Margaret Thatcher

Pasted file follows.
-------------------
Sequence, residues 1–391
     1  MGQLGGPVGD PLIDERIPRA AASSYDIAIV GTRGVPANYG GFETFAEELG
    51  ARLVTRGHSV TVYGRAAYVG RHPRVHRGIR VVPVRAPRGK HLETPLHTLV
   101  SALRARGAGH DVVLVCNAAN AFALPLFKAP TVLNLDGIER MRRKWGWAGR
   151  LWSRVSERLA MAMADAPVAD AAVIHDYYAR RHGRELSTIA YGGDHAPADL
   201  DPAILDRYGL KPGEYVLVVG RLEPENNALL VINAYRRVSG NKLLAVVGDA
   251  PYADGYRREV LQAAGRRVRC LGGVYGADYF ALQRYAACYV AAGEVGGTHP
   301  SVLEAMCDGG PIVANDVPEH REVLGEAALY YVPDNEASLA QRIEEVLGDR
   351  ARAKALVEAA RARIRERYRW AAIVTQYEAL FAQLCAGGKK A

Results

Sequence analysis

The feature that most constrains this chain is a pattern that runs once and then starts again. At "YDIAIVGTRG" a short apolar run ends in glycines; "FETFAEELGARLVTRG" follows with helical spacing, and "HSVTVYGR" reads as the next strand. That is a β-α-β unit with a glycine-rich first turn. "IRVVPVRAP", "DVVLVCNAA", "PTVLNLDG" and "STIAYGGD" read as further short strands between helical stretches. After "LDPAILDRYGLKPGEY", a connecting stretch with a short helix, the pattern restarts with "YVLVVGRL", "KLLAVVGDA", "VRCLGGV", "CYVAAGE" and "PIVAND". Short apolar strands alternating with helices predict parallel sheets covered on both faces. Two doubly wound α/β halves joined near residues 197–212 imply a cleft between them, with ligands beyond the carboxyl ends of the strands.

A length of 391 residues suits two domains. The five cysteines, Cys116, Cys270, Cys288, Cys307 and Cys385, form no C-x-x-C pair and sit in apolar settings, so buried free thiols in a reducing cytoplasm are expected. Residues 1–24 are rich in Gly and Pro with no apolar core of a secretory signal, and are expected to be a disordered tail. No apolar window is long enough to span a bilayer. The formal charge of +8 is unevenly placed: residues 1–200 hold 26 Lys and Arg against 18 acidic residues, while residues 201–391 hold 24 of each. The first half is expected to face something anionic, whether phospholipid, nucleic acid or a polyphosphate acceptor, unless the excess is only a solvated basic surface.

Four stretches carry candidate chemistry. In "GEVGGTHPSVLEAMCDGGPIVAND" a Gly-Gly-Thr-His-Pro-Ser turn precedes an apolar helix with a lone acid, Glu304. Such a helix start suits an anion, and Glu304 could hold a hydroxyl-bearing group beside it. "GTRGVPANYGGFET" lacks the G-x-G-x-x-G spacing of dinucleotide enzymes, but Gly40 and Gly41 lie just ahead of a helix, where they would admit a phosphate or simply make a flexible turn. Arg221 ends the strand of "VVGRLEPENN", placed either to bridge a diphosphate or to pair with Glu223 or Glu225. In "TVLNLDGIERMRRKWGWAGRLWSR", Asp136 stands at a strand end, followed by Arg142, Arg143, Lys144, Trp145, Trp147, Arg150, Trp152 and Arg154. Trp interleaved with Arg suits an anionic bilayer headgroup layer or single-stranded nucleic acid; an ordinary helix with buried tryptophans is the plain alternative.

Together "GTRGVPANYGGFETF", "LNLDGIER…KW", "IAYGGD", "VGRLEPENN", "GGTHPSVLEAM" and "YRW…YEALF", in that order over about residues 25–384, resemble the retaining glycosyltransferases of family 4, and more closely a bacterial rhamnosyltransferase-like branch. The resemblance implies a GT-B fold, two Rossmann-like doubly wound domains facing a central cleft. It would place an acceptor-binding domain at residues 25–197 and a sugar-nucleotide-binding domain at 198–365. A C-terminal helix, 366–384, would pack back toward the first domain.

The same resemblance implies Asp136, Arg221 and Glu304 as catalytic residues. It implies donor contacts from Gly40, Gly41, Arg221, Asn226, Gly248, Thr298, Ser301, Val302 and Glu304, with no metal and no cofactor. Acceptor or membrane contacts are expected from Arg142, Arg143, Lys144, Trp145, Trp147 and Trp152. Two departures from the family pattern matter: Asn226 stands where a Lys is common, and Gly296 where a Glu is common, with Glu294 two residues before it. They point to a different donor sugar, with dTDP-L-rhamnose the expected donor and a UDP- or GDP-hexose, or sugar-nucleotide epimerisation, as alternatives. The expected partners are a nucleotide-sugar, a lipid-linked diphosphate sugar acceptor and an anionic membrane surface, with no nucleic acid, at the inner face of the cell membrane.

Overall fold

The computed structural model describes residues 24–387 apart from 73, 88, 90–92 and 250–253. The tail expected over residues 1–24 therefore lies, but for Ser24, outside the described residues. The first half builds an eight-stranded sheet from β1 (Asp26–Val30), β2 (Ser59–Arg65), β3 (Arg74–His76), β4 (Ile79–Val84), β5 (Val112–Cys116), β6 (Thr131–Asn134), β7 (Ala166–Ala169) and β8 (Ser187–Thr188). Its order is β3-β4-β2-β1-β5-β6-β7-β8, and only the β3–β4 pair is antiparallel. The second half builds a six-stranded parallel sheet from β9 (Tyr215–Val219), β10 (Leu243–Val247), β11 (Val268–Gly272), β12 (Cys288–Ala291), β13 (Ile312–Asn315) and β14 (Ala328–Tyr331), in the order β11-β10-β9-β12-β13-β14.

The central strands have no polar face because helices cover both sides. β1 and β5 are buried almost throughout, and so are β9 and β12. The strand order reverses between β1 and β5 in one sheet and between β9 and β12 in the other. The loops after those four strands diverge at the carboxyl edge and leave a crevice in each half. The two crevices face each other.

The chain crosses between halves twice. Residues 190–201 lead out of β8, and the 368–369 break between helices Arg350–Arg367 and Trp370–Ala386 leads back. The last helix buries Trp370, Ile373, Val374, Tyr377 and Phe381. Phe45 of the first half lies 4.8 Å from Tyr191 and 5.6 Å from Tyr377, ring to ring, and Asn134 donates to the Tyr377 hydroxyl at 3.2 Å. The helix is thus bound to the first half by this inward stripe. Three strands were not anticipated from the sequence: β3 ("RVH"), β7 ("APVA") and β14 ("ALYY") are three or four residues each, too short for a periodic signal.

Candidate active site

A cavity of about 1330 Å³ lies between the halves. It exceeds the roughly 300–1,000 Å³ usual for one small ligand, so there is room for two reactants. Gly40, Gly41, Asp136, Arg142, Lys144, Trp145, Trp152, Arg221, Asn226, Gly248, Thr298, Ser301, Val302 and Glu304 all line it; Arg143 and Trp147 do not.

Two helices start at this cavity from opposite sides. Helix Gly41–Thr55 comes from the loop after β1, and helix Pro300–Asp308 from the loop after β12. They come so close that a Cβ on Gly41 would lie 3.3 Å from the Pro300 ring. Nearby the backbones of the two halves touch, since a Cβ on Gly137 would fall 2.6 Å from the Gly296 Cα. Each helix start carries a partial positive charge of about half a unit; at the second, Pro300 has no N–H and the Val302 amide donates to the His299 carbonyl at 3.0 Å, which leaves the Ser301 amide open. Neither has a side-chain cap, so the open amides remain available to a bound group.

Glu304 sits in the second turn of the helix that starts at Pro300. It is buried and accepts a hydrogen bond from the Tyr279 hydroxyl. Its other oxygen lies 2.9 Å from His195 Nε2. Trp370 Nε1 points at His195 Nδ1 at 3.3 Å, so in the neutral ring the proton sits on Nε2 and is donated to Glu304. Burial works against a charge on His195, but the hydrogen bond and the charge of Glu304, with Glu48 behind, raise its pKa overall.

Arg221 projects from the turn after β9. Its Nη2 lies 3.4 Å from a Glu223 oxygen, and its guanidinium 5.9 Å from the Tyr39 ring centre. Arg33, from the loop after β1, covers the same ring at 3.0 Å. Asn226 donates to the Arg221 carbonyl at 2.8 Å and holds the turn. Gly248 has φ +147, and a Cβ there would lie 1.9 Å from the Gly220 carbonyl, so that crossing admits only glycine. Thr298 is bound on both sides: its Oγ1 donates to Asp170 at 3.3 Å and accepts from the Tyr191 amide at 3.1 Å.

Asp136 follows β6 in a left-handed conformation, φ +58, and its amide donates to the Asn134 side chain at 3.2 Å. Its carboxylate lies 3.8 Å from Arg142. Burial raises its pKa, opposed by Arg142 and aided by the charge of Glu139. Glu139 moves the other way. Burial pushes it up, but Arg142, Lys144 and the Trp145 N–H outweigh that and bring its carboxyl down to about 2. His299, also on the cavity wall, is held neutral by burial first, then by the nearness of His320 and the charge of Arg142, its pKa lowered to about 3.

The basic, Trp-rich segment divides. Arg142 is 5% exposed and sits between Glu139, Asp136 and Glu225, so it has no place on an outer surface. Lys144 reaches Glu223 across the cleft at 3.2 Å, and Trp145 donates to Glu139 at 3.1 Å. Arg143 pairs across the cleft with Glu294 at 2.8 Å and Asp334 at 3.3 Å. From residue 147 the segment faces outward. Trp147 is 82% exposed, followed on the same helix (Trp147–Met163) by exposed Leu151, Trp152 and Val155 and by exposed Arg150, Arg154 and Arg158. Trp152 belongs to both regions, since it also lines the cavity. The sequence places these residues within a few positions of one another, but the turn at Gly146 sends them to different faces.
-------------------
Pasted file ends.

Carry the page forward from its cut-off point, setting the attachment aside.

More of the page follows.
Starting with old line journalism advice--"there's no better way to clarify your thoughts than to try to explain yourself to someone else"--former British Prime Minister Margaret Thatcher presented a dolefully optimistic world view to a sold out NPC luncheon on June 26, 1995. "There will never be a New World Order," she proclaimed. "It is only by staying united that the West, that is America and Europe together, can ensure that we are the dominant influences in global affairs. Nevertheless", she said, "in spite of the problems and uncertainties, this is an exciting time to be alive." Thatcher's law of politics is, in her words , "the unexpected happens." Thatcher labeled the current state of international affairs "the New world disorder" and urged the creation of a North Atlantic free trade area covering North America and the European Community which she said, "would underpin NATO and reverse European protectionism." Asked directly for an evaluation of President Clinton's foreign policy, Thatcher was stunned into a momentary, prolonged silence before indicating her disappointment with the President for his not complying more fully with a campaign statement that more ought to be done about Bosnia and that the Bosnians should be armed. "That hasn't come about," she said. "You must allow the Bosnians to have weapons". Then give the Serbs an ultimatum to get out and stop fighting or then you use your airpower heavily to take out every military installation and supply line." She said defense has been cut back too far in the Western countries and that combined with a lack of resolution among Western leaders "is giving the wrong sign to dubious political figures in the ex-Communist world and dangerous exponents of forces in the Islamic world." Looking at domestic policies, Thatcher said a "social malaise is affecting out countries, a dangerous cultural dependency is being created. A society which puts a higher value on state handouts to its able-bodied citizens than on measures to protect those citizens from internal crime and external threats is one which risks becoming decadent." She urged a renewal in our faith in free market economies. "Today's Republicans," she said, "are trying to build on Reaganism and not bury it." She said historians will judge the '80s in the U.S. and Britain very favorably and, referring to herself, said: "The old girl can still shout things from the sidelines." National Press Club Record, Volume XLV, No. 25. June 29, 1995.

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